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How free-to-own NFTs can be used to incentivize learning
Free-to-own NFTs may take over gaming — is education next?
Alternative education builders can learn a lot from the gaming industry.
I recently tweeted:
Online learning is more similar to online gaming than many think. The community, incentives, & experience are critical for each to succeed.
I was inspired to write this after learning about Gabriel Leydon’s vision of free-to-own NFTs in gaming. Leydon explains his vision in the podcast with Patrick O’Shaughnessy called “How Web3 Onboards a Billion Users”.
The idea of free-to-own is simple — give free NFTs to your game users, and use these free NFTs as a way to build deeper relationships with the gamers.
Free-to-own NFTs in learning
Free-to-own NFTs serve a purpose in alternative educational models because they offer an additional incentive to learn.
Alternative education is at an inherent disadvantage compared to traditional education — it doesn’t have the ability to deliver widely-accepted grades and degrees.
Without the “stick” of delivering bad grades to learners, builders in alternative education must rely on other incentives to support a productive learning environment.
For example, I write in “In the future of education, incentives matter”:
When writing online, the incentive to learn is not to get an A from your professor. Rather, the incentive is to build your personal brand, make connections with others through the writing, and learn about topics you're interested in (among other benefits).
While the incentives to learn outside of grades/degrees are strong and effective, we should aim to build additional incentives to increase the desire to learn.
Free-to-own NFTs add an incentive to the incentive stack of learning in an alternative education environment.
What’s the incentive that comes with free-to-own NFTs?
I’ve learned from building and running cohorts with Taptive that gamification works.
For example, in early cohorts, we tracked progress during the cohort through a simple table called the “Progress Log”. However, we struggled to make people care about the Progress Log — people would rarely add their writing to the table, and it didn’t incentivize learning.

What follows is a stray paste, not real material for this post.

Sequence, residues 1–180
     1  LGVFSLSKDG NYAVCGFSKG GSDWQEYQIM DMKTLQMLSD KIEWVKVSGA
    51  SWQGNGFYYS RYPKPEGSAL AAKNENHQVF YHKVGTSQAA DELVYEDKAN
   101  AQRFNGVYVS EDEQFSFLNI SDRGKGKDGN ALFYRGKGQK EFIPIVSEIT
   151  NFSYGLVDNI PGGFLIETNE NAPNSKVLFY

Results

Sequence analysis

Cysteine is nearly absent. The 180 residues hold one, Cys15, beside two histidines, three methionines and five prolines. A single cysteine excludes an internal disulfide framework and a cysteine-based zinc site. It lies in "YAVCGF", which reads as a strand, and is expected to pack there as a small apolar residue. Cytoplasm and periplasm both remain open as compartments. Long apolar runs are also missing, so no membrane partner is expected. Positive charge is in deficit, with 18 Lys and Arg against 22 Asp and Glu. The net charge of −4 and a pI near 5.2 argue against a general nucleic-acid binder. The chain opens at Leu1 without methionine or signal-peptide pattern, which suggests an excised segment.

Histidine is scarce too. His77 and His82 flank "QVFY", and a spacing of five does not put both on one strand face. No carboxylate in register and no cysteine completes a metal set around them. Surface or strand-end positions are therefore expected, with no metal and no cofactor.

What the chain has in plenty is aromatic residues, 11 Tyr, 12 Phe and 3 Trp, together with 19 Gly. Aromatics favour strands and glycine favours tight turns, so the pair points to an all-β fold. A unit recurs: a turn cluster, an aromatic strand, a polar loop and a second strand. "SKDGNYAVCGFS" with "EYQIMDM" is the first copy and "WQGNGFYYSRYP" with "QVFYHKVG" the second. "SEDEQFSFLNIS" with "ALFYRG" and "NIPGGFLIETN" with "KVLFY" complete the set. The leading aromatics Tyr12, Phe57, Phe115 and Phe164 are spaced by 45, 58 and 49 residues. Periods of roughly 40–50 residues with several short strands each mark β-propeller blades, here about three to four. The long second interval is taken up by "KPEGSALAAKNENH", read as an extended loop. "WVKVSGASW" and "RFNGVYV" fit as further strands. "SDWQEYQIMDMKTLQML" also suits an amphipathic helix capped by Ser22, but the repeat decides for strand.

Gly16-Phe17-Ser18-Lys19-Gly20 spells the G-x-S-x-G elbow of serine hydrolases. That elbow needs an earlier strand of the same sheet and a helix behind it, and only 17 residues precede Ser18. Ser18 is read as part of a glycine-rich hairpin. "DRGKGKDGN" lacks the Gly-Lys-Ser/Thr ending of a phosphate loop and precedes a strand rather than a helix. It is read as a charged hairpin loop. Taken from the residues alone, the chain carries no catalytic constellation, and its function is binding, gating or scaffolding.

Then, we made a simple update to the table that drastically changed behavior. We changed the name to the “Leaderboard” and built in some sorting to bring the top performers of the cohort to the top of the Leaderboard. On top of this, we started to give awards to writers based on their position on the Leaderboard. This simple change resulted in more writing and more learning.
Free-to-own NFTs are a simple and effective way to increase the meaning of the awards that we grant at the end of the cohort.
Currently, the awards are purely social — winners of the cohort awards are recognized in front of the group through announcements and emails. While this is effective, NFTs can go a step further.
Free-to-own NFTs will give us the opportunity to grant tangible, on-chain awards that winners will own.
Ownership is important. It’s symbolic. And it gives winners something to show others and look back on. There is intangible value even if it’s never worth anything to sell.
Free-own-NFTs are not a game-changer. They are an incremental improvement. They are an addition to the incentive stack. And when building in the alternative education space, incentives matter.
While this is an experiment, we ultimately started this because of multiple requests from past cohort participants.
We will run this experiment and see how free-to-own NFTs can improve alternative education.